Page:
”At the center of Mexico’s culinary history we find corn, and if you look a little closer, you’ll see the sacred bond that ancient cultures in Mesoamerica created between their gods, maiz and tamales,” writes Emilly Olivares in her Familia Kitchen report on the history of tamales and other masa-filled dishes. “Delicious, filling and as prized today as they were by our Mesoamerican ancestors, tamales are one of defining dishes in comida Latina … Most recipes follow the same three-part formula: savory meat filling + corn-based dough + corn husk or banana leaf wrapping.”

Nanni’s recipe stays true to this tamales trinity with its pork and chiles filling, corn flour masa, and corn husk wrapping. The result is memorably special, says Angela. She and her family look forward all year long to feasting on Nanni’s tamales on Christmas Eve—everyone together.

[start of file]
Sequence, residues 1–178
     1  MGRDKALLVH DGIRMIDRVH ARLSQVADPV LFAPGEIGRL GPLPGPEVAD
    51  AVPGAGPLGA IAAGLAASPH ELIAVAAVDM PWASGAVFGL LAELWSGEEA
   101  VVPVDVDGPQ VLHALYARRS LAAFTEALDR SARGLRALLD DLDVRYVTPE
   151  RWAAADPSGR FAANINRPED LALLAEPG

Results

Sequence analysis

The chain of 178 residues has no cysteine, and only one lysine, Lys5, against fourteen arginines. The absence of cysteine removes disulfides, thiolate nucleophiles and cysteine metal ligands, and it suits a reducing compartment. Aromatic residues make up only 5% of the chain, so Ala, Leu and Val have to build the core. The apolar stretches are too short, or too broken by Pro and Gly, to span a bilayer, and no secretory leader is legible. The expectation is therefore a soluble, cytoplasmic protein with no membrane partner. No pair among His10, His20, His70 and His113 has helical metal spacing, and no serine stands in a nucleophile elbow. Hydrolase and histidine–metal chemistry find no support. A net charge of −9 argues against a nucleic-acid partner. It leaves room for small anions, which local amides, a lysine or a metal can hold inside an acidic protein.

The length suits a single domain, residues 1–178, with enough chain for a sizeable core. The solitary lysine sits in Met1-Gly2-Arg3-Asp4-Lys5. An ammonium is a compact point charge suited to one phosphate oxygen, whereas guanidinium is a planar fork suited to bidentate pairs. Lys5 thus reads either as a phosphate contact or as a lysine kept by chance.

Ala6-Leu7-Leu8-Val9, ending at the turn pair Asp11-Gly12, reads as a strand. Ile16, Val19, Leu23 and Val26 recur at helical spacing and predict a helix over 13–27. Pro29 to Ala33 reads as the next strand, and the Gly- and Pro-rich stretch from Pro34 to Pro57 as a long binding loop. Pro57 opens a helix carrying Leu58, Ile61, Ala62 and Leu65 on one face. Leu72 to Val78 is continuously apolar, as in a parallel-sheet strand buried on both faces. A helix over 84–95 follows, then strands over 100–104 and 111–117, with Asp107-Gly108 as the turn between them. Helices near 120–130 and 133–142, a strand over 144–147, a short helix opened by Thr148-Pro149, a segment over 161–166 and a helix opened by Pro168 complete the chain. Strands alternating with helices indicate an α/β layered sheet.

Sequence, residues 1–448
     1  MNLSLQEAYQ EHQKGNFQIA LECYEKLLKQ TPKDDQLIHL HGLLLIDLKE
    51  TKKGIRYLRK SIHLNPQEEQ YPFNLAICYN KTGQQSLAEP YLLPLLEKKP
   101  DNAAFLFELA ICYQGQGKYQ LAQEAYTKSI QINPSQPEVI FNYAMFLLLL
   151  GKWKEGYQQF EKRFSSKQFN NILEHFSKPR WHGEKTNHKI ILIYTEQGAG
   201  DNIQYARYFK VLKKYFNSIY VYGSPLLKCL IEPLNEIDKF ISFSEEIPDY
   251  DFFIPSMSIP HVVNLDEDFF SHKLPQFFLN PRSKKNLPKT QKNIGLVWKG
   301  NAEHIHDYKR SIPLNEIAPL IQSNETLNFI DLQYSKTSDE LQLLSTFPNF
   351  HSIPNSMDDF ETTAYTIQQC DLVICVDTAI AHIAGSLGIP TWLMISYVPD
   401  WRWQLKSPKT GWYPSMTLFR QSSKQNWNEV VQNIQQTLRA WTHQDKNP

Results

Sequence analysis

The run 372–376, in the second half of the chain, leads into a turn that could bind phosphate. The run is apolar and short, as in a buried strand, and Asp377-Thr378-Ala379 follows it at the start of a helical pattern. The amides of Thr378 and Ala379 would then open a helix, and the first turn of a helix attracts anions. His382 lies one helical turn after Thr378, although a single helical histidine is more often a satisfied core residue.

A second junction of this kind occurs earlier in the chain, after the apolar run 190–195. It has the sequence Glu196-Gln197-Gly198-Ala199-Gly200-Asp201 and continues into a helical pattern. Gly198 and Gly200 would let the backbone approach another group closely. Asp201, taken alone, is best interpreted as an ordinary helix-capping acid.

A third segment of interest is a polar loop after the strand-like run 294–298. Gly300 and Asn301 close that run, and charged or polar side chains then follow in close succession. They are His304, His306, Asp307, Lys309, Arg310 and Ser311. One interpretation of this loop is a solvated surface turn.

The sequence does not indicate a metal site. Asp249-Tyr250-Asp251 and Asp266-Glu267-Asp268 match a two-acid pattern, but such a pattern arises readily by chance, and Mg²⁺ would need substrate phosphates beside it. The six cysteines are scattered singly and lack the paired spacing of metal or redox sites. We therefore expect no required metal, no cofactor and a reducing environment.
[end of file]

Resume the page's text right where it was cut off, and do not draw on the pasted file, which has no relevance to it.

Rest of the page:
“The simplest way to explain why these tamales are so special is: They’re a labor of love,” says Angela. “All the work we put into making them for our family each year. The ritual of making these tamales has always been reserved for that day alone. I think that’s part of what makes this dish stand out above others for me and my family.”

Yes, the ritual must continue, says Angela. Of course. For all the traditional reasons tamales are made—and one bittersweet new one.

This year, next year and forever: ”we will be making them on Christmas Eve, and we will be thinking of Nanni the whole time,” says Angela.

”She’s always there with us when we make them, and she always will be. My mom and I will continue making this recipe every year because it’s a piece of Nanni that is still with us,” says Angela.

”This tamales recipe is something she left behind for us and we’re going to keep that tradition going for her.”

A Celebration of Tamales Around el Mundo

Curious about tamales around el mundo—and the many names they go by?

In honor of the festive holiday season this year and every year, Familia Kitchen is honored to spotlight special family-famous recipes of masa-stuffed wonders across Latino cultures. Whether they are called tamales, pasteles, hallacas, humitas, check out these beloved family-famous recipes:

Luis’ Guatemalan tamales;
Liliana’s Venezuelan beef, pork and chicken hallacas;
Michelle and Pat’s Puerto Rican yuca, plantain, green bananas & pork pasteles;
• Doña Paula’s Belizean tamales;